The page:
Tabloid newspaper the Sun has reversed the decision to end its Page 3 feature by printing a picture of a topless model in today’s edition.
In a move that will disappoint campaigners who have been working to end the daily feature, Page 3 of today’s Sun included the revealing picture along with a caption which read: “Further to recent reports in all other media outlets, we would like to clarify that this is Page 3 and this is a picture of Nicole, 22, from Bournemouth. We would like to apologise on behalf of the print and broadcast journalists who have spent the last two days talking and writing about us.”
Topless pictures have been missing from the paper for the past three days, amid speculation that the feature had been dropped as pressure grew from campaigners who believe the daily feature is outdated and objectifies women.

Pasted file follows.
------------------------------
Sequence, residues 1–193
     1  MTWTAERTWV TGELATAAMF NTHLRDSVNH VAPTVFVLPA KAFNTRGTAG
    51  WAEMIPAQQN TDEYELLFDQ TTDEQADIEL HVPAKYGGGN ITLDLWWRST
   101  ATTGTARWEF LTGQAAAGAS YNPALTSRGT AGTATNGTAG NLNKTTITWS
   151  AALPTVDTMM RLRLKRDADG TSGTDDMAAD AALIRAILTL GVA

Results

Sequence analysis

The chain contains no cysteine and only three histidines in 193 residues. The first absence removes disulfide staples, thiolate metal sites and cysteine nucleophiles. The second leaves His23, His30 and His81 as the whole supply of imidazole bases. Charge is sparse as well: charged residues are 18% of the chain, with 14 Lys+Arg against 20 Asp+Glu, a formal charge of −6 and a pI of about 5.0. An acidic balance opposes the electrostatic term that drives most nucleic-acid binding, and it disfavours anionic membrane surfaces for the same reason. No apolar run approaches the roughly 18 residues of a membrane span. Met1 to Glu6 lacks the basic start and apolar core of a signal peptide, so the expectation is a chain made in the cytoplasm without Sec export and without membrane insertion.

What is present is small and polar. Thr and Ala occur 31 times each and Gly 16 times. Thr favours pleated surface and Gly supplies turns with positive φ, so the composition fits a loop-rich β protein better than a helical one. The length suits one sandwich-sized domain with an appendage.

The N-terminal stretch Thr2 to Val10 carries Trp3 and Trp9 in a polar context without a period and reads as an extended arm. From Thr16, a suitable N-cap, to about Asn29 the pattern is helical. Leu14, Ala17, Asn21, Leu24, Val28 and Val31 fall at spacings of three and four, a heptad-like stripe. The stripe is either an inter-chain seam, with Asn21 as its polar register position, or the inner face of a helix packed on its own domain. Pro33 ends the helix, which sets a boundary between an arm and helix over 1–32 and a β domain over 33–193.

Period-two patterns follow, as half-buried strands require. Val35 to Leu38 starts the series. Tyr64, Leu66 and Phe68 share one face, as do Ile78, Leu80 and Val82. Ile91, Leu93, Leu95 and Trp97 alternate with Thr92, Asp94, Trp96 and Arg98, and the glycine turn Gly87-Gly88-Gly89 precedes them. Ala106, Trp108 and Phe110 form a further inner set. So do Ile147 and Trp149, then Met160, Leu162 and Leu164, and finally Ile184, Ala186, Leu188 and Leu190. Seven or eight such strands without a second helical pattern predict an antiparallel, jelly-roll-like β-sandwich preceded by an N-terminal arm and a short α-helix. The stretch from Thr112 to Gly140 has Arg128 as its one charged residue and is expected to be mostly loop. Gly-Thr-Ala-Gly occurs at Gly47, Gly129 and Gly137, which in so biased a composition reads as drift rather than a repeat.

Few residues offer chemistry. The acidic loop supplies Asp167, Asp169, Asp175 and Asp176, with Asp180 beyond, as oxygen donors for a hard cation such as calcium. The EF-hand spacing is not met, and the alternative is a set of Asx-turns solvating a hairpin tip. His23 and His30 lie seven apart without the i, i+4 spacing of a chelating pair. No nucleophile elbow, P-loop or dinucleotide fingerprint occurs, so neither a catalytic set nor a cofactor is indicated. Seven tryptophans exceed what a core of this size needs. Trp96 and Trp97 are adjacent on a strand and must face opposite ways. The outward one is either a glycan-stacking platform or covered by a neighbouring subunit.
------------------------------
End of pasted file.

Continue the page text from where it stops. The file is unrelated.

MPs have also voiced their opposition to the 44-year-old Page 3; Harriet Harman, Labour party chair and shadow secretary of state for culture, voiced her approval this week of the Sun’s apparent decision to end its weekly feature.
The pressure group No More Page 3, set up in 2011, garnered over 200,000 signatures calling for Page 3 to be discontinued.
But it appears the Sun, owned by controversial media tycoon Rupert Murdoch, has not bowed to pressure, leading to suggestions that Page 3’s temporary hiatus was a publicity stunt designed to increase sales at a time when print newspapers face dwindling circulations.
The paper’s decision to continue with its Page 3 feature will please some who disagree with a desired Page 3 ban.
Glamour model Chloe Goodman, who has appeared topless on Page 3, has criticised anti-Page 3 campaigners, arguing that women should have the right to choose whether or not to appear in the feature.
Goodman states that it is hypocritical for campaigners to dictate which careers women should not pursue whilst claiming to be supportive of women’s rights.
The Sun had refused to suggest that Page 3 was coming to an end even after its omission from several editions of this week’s paper.
Presently, it is unclear whether or not today’s reinstallation will be repeated in future editions or was merely the daily feature’s last hurrah before it ends for good.